Thai Green Curry

I was lucky enough this past summer to spend a week in Thailand, settling in the small tourist-oriented town of Ao Nang in Krabi province. Aside from taking some time to enjoy the incredible beaches in the area (the one pictured above is Pileh Bay in the Phi Phi Islands), I took my first-ever cooking class in a foreign country with Smart Cook Thai Cookery School. I think a new tradition has started!

Unbelievably, in four short hours we made no less than SEVEN recipes: hot and sour soup, spring rolls, green papaya salad, Pad Thai, homemade green curry paste, green curry, and mango sticky rice. The teacher was hilarious, pulling open a jar of fish sauce and commenting that it “smells like Bangkok”. Not only did he do a great job of walking us through the recipes and techniques, but he introduced to us the key local ingredients that provide Thai food with its signature flavors: chilis, galangal, lemongrass, makrut lime leaves, fresh turmeric, and Thai basil.

I left feeling prepared to make Thai food at home. Since then, I’ve been working on recreating the recipes that Smart Cook provided me, transferring the ingredient lists to cups and ounces rather than grams, making it vegetarian, and testing substitutes for some of the hard-to-find ingredients.

I did make an effort to get the local ingredients for this recipe. Despite living in New York, a city overcrowded with Thai restaurants, it was harder than I expected to acquire the full ingredient list. The hardest items were Thai eggplant, Thai basil, and makrut lime leaves. Most eggplants sold in the US are of the globe variety, with Thai eggplants relatively rare. Makrut limes are a variety native to Southeast Asia and used heavily in regional cuisines, but it’s tricky to find them fresh or even frozen given the distance. After checking the grocery stores within walking distance, which are large chains, I went to H Mart hoping for better results only to come up empty-handed again.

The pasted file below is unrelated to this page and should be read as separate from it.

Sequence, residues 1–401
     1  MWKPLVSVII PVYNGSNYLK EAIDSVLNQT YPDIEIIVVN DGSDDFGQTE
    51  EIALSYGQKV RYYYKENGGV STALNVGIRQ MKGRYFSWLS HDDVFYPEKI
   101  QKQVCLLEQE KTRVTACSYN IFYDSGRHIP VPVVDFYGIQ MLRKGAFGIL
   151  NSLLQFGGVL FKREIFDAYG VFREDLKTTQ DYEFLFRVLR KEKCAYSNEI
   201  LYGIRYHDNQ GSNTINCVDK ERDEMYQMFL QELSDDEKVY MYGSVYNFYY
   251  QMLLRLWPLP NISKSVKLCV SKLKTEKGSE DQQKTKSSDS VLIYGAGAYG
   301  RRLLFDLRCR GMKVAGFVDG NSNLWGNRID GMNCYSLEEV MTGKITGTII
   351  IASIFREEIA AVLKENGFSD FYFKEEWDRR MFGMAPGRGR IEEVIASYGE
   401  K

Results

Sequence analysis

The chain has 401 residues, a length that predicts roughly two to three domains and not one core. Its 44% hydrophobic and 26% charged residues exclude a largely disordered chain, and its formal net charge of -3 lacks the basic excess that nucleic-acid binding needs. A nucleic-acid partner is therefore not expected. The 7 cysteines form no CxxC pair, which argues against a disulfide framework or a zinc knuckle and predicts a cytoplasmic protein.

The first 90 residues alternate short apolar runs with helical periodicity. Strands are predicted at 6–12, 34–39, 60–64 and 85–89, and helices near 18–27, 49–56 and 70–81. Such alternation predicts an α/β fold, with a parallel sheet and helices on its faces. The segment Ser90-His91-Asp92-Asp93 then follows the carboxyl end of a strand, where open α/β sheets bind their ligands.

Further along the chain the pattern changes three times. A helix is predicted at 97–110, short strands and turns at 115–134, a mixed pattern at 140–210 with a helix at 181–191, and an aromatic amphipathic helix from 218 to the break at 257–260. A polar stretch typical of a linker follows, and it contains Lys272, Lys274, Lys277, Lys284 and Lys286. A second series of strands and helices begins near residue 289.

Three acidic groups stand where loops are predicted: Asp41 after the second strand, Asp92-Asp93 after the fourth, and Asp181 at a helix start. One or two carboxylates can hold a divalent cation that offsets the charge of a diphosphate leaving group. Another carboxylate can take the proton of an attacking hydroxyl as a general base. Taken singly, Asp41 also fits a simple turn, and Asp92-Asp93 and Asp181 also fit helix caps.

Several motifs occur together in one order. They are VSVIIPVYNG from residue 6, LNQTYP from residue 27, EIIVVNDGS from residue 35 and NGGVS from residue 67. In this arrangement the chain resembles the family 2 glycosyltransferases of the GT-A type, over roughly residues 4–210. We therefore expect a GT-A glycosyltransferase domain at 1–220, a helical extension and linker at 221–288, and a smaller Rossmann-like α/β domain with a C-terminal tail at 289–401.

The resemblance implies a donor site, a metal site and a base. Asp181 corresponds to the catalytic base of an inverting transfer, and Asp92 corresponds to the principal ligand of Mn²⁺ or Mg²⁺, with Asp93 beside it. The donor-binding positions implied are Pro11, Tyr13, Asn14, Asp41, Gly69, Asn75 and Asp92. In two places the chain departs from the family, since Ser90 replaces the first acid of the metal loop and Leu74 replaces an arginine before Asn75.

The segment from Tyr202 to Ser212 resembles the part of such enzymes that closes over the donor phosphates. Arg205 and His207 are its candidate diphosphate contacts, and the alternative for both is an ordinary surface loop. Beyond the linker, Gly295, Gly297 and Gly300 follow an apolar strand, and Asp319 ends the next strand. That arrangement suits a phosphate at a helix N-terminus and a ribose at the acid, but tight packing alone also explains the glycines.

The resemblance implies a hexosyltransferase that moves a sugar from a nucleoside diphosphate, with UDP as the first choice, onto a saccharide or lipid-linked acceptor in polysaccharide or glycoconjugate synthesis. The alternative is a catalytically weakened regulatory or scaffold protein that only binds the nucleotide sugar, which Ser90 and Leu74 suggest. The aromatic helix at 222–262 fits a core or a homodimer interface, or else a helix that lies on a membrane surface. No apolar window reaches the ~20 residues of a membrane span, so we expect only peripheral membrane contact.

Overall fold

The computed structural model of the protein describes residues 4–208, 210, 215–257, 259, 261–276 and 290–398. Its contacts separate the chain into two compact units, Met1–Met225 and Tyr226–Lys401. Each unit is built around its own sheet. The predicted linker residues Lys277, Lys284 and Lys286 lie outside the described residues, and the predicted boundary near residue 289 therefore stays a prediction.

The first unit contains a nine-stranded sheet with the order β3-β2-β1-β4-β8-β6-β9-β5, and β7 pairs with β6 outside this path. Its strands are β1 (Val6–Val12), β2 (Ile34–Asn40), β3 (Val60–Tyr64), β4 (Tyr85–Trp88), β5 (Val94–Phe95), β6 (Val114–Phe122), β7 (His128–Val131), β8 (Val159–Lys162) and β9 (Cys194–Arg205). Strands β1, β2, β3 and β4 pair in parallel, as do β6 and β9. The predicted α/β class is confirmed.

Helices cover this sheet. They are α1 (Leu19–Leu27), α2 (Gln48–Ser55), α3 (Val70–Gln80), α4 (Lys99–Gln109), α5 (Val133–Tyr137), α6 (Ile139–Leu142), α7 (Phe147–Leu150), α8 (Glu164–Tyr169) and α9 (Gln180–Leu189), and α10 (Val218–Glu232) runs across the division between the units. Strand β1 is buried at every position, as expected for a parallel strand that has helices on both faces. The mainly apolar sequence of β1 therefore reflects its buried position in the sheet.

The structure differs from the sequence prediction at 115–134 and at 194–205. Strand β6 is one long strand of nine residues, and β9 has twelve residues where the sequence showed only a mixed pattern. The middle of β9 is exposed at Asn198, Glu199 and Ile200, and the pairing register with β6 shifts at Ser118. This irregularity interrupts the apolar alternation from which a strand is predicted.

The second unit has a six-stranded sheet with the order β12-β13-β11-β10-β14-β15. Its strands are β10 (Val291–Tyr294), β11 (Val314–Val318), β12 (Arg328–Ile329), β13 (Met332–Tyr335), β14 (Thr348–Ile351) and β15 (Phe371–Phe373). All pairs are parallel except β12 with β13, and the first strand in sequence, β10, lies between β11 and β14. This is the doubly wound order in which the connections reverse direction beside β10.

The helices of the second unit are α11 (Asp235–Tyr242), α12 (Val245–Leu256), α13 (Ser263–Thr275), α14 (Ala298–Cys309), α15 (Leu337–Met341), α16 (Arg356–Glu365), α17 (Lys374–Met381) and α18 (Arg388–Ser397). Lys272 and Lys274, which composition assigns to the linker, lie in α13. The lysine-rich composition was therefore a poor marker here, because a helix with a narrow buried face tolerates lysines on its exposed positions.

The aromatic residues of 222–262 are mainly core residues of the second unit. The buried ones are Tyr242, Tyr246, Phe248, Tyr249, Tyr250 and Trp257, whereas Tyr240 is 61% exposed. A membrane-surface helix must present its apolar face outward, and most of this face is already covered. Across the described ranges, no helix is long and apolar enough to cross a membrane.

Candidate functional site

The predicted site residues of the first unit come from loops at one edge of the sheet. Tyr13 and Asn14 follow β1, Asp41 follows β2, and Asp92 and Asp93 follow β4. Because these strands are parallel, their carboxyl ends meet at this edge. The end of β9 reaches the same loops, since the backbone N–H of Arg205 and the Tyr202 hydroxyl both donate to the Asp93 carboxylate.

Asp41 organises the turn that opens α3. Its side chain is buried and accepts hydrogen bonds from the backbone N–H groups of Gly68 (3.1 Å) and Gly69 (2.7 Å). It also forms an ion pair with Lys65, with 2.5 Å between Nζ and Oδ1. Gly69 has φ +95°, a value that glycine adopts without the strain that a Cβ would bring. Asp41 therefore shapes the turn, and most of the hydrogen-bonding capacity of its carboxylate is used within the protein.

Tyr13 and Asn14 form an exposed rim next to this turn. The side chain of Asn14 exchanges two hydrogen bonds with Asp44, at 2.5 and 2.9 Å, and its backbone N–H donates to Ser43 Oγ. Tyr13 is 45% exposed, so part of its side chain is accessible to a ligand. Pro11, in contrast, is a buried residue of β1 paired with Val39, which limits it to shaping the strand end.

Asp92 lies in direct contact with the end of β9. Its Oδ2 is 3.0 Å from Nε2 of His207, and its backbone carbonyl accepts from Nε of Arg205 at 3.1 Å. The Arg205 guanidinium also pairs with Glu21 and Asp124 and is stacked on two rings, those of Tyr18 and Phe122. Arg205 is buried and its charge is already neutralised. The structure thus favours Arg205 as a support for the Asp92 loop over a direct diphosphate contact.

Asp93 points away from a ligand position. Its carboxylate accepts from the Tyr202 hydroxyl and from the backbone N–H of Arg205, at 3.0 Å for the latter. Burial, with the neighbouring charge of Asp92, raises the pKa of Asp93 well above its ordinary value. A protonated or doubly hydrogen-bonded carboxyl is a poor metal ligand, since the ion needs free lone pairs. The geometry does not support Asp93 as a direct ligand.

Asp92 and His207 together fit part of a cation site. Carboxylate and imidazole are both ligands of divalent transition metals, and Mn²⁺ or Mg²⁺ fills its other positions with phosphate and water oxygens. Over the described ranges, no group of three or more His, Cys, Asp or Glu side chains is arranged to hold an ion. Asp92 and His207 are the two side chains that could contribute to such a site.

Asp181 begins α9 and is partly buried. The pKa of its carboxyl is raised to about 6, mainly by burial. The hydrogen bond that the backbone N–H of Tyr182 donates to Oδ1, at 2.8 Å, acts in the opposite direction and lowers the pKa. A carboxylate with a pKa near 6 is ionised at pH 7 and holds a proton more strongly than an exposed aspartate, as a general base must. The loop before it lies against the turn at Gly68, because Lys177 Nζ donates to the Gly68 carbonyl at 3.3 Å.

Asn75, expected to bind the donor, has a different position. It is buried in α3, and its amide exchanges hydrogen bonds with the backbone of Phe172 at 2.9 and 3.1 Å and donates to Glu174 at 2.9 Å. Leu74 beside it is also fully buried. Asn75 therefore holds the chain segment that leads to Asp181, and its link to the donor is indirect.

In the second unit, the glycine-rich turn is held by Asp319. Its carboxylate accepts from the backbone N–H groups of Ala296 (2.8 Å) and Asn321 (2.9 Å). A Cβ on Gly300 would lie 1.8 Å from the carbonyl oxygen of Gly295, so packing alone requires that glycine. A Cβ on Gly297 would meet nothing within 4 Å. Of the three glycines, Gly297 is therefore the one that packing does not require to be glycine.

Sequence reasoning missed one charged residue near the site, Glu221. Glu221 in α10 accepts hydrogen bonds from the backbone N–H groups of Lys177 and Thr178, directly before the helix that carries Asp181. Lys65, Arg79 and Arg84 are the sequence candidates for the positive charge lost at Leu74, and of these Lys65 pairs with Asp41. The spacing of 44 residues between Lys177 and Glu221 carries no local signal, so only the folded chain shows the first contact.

Luckily I discovered Bangkok Center Grocery in Chinatown, fully stocked with Thai products, including Thai eggplant, Thai basil AND makrut lime leaves! I was so happy to find this place, and I know I’ll be back again to pick up the best ingredients for Thai cooking.

This recipe is a vegan version of the green curry I learned how to cook in Thailand. It can be cooked in 15 minutes, only needs one pan, and is made to order so you can always have it fresh! Remember that green curry is the spiciest of the Thai curries, so if you’re not into spicy this isn’t the recipe for you.

Prep all the ingredients before starting because the cooking goes quick. Having everything ready at hand makes a big difference!

Start by frying the curry paste and the eggplant, which takes the longest to cook.

Add the coconut milk, tofu, baby corn, and makrut limes leaves and let it simmer.

Finish off with soy sauce, sugar, and Thai basil. Serve over rice.

Thai Green Curry

Makes two servings


  • 3 tablespoons sesame oil
  • 2 tablespoons green curry paste
  • 1 (14-ounce) can coconut milk, divided
  • 1 cup (60g) Thai eggplant, cut into wedges* (~ two eggplants)
  • 2/3 cup (100g) extra firm tofu, sliced into cubes
  • 1/2 cup (60g) baby corn, cut into slices
  • 4 makrut lime leaves, torn in half lengthwise**
  • 2 tablespoons soy sauce
  • 2 teaspoons sugar
  • 12 Thai basil leaves, torn into pieces***


  • Large pan (if you have a wok, use it!)


  1. Put sesame oil in a large pan on medium-high heat. Add green curry paste and bring to a simmer (1 minute). Add a tablespoon of coconut milk to prevent burning.
  2. Add eggplant and cook for 2 minutes.
  3. Add remaining coconut milk, tofu, baby corn, and lime leaves. Stir occasionally until eggplant is tender, about 6 minutes.
  4. Add soy sauce and sugar. Taste and adjust as desired. Stir for 1 minute.
  5. Sprinkle with Thai basil leaves and remove from heat.
  6. Serve over rice of choice. I recommend Jasmine as that’s the most common in Thailand.

*If you can get your hands on Thai eggplant, it will increase the authenticity of your recipe. But any type of eggplant will do as a substitute.

** Substitute with one teaspoon of lime zest if you cannot find.

***Regular basil will do if you cannot find.

6 Comments Add yours

  1. hnl2nyc says:

    I tried this recipe, it was amazing!

    Liked by 2 people

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